Persistent Link:
http://hdl.handle.net/10150/194900
Title:
Quantum Well Intermixing For Photonic Integrated Circuits
Author:
Sun, Xiaolan
Issue Date:
2007
Publisher:
The University of Arizona.
Rights:
Copyright © is held by the author. Digital access to this material is made possible by the University Libraries, University of Arizona. Further transmission, reproduction or presentation (such as public display or performance) of protected items is prohibited except with permission of the author.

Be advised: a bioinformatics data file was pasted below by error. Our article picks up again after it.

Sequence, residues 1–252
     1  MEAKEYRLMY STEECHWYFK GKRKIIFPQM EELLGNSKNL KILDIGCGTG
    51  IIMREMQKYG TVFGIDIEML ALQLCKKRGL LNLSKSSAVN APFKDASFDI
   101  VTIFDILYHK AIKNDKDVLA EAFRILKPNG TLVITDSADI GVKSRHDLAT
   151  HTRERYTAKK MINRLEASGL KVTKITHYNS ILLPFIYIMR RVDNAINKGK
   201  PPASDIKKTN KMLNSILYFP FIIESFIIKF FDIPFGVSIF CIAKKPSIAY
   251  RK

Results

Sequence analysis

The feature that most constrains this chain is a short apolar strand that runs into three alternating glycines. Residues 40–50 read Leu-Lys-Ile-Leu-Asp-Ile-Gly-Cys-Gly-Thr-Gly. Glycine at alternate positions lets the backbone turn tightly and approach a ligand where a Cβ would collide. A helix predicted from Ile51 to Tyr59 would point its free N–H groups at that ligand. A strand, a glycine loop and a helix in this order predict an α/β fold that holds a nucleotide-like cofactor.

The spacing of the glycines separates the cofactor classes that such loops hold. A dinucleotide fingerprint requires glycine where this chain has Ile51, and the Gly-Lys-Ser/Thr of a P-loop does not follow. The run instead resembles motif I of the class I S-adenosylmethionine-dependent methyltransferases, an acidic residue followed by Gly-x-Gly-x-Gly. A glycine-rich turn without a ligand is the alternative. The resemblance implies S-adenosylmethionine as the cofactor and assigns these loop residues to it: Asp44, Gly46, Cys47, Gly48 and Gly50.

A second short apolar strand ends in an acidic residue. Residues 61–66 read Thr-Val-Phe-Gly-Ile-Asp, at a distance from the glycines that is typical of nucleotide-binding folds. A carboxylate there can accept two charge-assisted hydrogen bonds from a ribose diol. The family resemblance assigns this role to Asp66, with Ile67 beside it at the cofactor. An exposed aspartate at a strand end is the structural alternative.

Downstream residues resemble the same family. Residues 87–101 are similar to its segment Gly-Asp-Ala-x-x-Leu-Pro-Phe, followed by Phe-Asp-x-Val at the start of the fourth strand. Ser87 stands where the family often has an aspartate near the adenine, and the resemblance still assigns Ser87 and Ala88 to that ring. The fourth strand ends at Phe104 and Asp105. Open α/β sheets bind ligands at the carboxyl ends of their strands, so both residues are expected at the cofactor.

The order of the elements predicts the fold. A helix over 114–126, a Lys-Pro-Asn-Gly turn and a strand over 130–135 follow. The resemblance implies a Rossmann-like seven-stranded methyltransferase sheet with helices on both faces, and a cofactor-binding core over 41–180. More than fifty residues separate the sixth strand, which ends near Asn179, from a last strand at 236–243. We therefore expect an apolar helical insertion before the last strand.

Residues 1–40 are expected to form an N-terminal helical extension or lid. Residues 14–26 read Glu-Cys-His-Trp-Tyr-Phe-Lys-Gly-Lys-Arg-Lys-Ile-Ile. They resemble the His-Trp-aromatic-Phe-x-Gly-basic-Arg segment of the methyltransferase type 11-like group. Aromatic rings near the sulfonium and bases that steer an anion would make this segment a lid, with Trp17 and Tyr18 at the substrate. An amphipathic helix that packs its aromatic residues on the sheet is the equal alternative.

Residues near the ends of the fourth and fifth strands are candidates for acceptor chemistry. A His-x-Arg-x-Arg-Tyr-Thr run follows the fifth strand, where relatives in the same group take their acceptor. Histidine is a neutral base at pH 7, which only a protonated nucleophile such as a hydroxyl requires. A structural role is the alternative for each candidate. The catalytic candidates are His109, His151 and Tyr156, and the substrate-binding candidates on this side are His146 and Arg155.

Abstract: